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There are two copies of the RNA in the HIV virion. These are retroviruses. So, they can make cDNA from even just one copy using reverse transcriptase.

What is the use of the other? Are both integrated into host chromosomes?

My guesses are:

  1. To ensure increased chance of getting integrated. But, if one gets in, the other also should be able to.

  2. To increase the amount of protein translated (if both get integrated).

  3. Two for two sets of chromosomes. (Seems juvenile but still a possibility. although, I do not think there are specific sites of preference for the viral DNA. Are there?)

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You are not totally correct because these two strands don't have to be the same, they can be genotypically different, which occurs when a cell is infected by two distinct HIV strains. Also HIV uses reverse transcriptase which can "jump" from one strand to the other so sometimes pieces get repeated, skipped etc. So you will get a recombinant --> more genetic diversity(see this article) I won't go into to much detail but if you want to know more I would highly recommend to read the article I linked after genetic diversity. So to summarize:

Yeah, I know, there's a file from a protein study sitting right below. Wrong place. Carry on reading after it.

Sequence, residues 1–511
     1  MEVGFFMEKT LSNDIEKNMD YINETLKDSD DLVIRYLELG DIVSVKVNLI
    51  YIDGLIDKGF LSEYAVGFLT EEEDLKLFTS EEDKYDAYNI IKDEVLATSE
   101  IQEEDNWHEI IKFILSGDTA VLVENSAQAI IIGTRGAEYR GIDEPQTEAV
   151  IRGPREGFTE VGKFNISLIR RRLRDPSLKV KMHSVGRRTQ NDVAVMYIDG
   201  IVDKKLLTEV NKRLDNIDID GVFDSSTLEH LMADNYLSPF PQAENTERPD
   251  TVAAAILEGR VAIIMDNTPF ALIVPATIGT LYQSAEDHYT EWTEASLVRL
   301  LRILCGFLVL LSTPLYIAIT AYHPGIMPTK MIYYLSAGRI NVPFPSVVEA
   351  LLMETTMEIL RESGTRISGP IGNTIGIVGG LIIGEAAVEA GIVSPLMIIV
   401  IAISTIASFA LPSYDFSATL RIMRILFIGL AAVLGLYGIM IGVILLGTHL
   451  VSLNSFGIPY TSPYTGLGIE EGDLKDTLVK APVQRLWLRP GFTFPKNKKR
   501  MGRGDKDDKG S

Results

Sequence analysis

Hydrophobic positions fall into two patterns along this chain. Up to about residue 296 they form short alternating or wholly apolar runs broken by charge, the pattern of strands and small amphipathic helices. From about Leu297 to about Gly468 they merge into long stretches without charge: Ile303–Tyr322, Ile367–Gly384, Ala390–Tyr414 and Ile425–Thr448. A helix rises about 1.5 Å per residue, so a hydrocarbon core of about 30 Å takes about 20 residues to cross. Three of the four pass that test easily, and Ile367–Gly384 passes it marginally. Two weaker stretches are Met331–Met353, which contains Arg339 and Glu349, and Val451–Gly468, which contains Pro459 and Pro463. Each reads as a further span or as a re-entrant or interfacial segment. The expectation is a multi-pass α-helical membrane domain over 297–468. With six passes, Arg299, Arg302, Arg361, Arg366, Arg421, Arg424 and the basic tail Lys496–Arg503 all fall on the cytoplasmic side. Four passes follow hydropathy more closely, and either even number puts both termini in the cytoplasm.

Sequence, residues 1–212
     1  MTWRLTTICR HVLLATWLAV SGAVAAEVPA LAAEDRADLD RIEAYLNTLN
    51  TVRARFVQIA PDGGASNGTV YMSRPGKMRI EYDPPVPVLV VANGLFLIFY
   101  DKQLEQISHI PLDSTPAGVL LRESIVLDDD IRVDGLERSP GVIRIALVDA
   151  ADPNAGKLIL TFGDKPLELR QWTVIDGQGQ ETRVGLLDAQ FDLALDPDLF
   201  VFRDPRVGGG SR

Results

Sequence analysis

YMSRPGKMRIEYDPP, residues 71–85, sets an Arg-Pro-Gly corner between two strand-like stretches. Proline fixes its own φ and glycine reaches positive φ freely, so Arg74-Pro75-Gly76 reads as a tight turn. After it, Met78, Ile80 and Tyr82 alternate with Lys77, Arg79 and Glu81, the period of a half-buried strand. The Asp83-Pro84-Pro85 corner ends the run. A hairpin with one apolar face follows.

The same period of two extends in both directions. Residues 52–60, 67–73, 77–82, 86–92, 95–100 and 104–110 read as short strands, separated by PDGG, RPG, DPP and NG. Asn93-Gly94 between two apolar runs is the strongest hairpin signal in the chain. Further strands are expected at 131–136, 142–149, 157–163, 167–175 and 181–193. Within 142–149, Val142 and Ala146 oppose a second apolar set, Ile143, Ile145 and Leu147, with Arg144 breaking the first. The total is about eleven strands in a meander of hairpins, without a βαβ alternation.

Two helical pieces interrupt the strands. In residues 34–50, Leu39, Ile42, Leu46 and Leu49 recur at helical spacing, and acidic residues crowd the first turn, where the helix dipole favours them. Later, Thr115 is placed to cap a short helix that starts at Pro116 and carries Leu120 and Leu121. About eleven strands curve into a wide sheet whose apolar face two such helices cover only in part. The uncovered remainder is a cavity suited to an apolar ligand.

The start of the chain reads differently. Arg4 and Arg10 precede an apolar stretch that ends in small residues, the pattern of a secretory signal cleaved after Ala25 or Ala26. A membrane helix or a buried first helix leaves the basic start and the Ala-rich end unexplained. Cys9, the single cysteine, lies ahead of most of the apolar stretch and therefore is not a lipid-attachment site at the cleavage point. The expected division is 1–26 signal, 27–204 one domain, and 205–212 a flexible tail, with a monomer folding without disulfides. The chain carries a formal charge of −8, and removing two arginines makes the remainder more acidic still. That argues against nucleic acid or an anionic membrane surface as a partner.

• genetic diversity, because of switching between the two strands (this makes it so hard to cure AIDS e.g.)
  • If one RNA strand gets damaged it can use parts of the other RNA strand as template, so to synthesize DNA
  • apparently the dimeric form of RNA in HIV is essential for successive replication of the virus

Source: previous mentioned article(HIV-1 RNA dimerization: It takes two to tango.)

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  • $\begingroup$ This indeed is the best article on the matter and is worth the time to read. $\endgroup$ – Dart Feld Oct 17 '16 at 19:06

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